Internal Evidence of Validity

Internal sources of validity include the intrinsic characteristics of a test, especially its content, assessment methods, structure, and theoretical underpinnings. In this section, several sources of evidence internal to tests are described, including content validity, substantive validity, and structural validity.

Content Validity

Content validity is the degree to which elements of a test, ranging from items to instructions, are relevant to and representative of varying facets of the targeted construct (Haynes, Richard, & Kubany, 1995). Content validity is typically established through the use of expert judges who review test content, but other procedures may also be employed (Haynes et al., 1995). Hopkins and Antes (1978) recommended that tests include a table of content specifications, in which the facets and dimensions of the construct are listed alongside the number and identity of items assessing each facet.

Content differences across tests purporting to measure the same construct can explain why similar tests sometimes yield dissimilar results for the same examinee (Bracken, 1988). For example, the universe of mathematical skills includes varying types of numbers (e.g., whole numbers, decimals, fractions), number concepts (e.g., half, dozen, twice, more than), and basic operations (addition, subtraction, multiplication, division). The extent to which tests differentially sample content can account for differences between tests that purport to measure the same construct.

Tests should ideally include enough diverse content to adequately sample the breadth of construct-relevant domains, but content sampling should not be so diverse that scale coherence and uniformity are lost. Construct underrepresen-tation, stemming from use of narrow and homogeneous content sampling, tends to yield higher reliabilities than tests with heterogeneous item content, at the potential cost of generalizability and external validity. In contrast, tests with more heterogeneous content may show higher validity with the concomitant cost of scale reliability. Clinical inferences made from tests with excessively narrow breadth of content may be suspect, even when other indexes of validity are satisfactory (Haynes et al., 1995).

Substantive Validity

The formulation of test items and procedures based on and consistent with a theory has been termed substantive validity (Loevinger, 1957). The presence of an underlying theory enhances a test's construct validity by providing a scaffolding between content and constructs, which logically explains relations between elements, predicts undetermined parameters, and explains findings that would be anomalous within another theory (e.g., Kuhn, 1970). As Crocker and Algina (1986) suggest, "psychological measurement, even though it is based on observable responses, would have little meaning or usefulness unless it could be interpreted in light of the underlying theoretical construct" (p. 7).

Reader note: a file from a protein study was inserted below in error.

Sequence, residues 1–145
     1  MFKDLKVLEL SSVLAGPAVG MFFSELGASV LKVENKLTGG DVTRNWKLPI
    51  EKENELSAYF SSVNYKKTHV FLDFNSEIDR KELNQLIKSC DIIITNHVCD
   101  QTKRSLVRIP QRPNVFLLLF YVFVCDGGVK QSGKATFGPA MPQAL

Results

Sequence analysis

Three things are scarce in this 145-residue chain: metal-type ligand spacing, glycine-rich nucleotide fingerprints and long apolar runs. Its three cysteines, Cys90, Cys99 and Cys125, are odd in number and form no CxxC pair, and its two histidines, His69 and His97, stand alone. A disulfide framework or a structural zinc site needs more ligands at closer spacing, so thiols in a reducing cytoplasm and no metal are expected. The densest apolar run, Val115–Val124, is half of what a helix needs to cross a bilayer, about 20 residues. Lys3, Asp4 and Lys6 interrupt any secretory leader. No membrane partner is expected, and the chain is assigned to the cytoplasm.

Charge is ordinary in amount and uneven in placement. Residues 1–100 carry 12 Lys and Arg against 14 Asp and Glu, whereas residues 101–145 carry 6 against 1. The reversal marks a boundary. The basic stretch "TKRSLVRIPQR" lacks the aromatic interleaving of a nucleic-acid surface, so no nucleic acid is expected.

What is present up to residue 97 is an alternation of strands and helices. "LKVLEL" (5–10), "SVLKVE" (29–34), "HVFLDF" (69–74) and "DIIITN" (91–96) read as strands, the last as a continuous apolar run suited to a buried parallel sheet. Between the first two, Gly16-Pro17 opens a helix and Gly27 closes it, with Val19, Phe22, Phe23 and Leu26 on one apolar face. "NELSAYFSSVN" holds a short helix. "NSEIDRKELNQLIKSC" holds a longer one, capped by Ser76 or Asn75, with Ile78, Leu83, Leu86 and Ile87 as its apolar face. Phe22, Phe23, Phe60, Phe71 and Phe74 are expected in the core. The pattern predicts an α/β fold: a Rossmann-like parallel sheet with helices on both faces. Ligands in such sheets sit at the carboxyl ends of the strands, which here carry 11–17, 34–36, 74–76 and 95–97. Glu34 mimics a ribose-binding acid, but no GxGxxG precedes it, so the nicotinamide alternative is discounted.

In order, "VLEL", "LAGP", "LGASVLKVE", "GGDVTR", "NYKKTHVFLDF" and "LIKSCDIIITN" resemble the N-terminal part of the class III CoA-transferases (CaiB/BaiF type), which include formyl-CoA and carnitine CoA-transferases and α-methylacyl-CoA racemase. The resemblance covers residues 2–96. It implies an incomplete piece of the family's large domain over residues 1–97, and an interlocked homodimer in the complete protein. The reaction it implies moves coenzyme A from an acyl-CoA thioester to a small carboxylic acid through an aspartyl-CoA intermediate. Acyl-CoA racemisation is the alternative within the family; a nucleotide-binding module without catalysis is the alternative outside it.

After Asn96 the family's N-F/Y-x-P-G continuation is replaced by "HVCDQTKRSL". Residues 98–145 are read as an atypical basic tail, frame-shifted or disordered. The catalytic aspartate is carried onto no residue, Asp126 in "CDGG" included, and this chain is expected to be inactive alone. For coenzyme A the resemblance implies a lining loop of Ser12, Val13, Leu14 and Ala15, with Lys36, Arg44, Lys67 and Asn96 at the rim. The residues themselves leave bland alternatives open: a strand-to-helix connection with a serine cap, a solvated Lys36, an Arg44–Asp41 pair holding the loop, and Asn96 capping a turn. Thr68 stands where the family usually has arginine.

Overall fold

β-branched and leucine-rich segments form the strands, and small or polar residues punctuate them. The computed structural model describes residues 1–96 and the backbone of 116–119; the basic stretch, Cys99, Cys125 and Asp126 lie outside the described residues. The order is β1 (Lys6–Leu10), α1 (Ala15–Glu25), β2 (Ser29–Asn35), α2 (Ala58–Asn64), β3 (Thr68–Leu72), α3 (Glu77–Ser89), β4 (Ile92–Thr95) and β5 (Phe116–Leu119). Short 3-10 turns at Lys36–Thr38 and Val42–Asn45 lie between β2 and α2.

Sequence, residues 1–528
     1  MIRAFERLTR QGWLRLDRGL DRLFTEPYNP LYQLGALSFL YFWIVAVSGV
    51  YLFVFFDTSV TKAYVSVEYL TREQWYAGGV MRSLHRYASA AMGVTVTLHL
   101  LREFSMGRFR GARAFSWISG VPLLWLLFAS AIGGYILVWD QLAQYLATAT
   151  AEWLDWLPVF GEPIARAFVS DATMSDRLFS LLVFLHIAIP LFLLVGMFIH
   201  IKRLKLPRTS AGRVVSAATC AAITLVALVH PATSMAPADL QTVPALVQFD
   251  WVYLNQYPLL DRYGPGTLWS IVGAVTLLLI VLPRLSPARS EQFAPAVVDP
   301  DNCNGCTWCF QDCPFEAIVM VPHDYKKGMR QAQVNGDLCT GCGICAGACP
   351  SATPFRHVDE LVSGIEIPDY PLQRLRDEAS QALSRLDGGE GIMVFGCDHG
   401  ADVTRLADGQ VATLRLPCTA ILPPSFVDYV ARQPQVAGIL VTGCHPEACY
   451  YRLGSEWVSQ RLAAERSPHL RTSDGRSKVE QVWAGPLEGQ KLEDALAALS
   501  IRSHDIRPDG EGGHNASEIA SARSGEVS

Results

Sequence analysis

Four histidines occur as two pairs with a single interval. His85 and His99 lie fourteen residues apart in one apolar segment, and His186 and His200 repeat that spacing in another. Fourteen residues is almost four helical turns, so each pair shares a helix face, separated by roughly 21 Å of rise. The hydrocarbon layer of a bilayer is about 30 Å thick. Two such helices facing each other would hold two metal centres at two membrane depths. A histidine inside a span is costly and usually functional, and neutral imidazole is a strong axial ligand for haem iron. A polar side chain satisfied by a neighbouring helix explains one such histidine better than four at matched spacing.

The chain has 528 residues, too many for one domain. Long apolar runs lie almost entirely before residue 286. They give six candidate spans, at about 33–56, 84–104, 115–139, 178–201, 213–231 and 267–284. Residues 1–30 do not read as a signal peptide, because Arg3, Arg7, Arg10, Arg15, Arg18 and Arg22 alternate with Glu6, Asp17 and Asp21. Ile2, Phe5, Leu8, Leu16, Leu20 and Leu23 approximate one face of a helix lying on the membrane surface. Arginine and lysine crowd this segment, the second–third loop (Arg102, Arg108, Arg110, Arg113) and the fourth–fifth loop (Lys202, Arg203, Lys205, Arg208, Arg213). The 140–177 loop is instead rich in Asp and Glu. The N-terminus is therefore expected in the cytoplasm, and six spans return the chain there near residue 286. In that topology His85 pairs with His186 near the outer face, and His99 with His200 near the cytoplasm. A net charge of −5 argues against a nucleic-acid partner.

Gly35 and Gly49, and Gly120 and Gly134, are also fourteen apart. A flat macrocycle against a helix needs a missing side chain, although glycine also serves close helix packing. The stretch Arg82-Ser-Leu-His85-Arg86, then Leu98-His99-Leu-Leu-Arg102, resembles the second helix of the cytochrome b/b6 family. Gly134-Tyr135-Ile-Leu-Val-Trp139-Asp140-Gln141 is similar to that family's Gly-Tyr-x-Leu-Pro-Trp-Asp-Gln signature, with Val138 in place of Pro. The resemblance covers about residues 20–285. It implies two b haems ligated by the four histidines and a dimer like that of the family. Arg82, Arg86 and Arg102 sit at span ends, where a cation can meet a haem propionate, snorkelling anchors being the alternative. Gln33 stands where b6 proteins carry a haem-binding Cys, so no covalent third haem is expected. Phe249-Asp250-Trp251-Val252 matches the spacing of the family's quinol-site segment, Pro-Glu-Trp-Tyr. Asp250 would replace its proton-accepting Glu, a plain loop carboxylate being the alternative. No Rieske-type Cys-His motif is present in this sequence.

Many major psychological tests remain psychometrically rigorous but impoverished in terms of theoretical underpinnings. For example, there is conspicuously little theory associated with most widely used measures of intelligence (e.g., the Wechsler scales), behavior problems (e.g., the Child Behavior Checklist), neuropsychological functioning (e.g., the Halstead-Reitan Neuropsychology Battery), and personality and psychopathology (the MMPI-2). There may be some post hoc benefits to tests developed without theories; as observed by Nunnally and Bernstein (1994), "Virtually every measure that became popular led to new unanticipated theories" (p. 107).

Personality assessment has taken a leading role in theory-based test development, while cognitive-intellectual assessment has lagged. Describing best practices for the measurement of personality some three decades ago, Loevinger (1972) commented, "Theory has always been the mark of a mature science. The time is overdue for psychology, in general, and personality measurement, in particular, to come of age" (p. 56). In the same year, Meehl (1972) renounced his former position as a "dustbowl empiricist" in test development:

I now think that all stages in personality test development, from initial phase of item pool construction to a late-stage optimized clinical interpretive procedure for the fully developed and "validated" instrument, theory—and by this I mean all sorts of theory, including trait theory, developmental theory, learning theory, psychodynamics, and behavior genetics—should play an important role. . . . [P]sychology can no longer afford to adopt psychometric procedures whose methodology proceeds with almost zero reference to what bets it is reasonable to lay upon substantive personological horses. (pp. 149-151)

Leading personality measures with well-articulated theories include the "Big Five" factors of personality and Millon's "three polarity" bioevolutionary theory. Newer intelligence tests based on theory such as the Kaufman Assessment Battery for Children (Kaufman & Kaufman, 1983) and Cognitive Assessment System (Naglieri & Das, 1997) represent evidence of substantive validity in cognitive assessment.

Structural Validity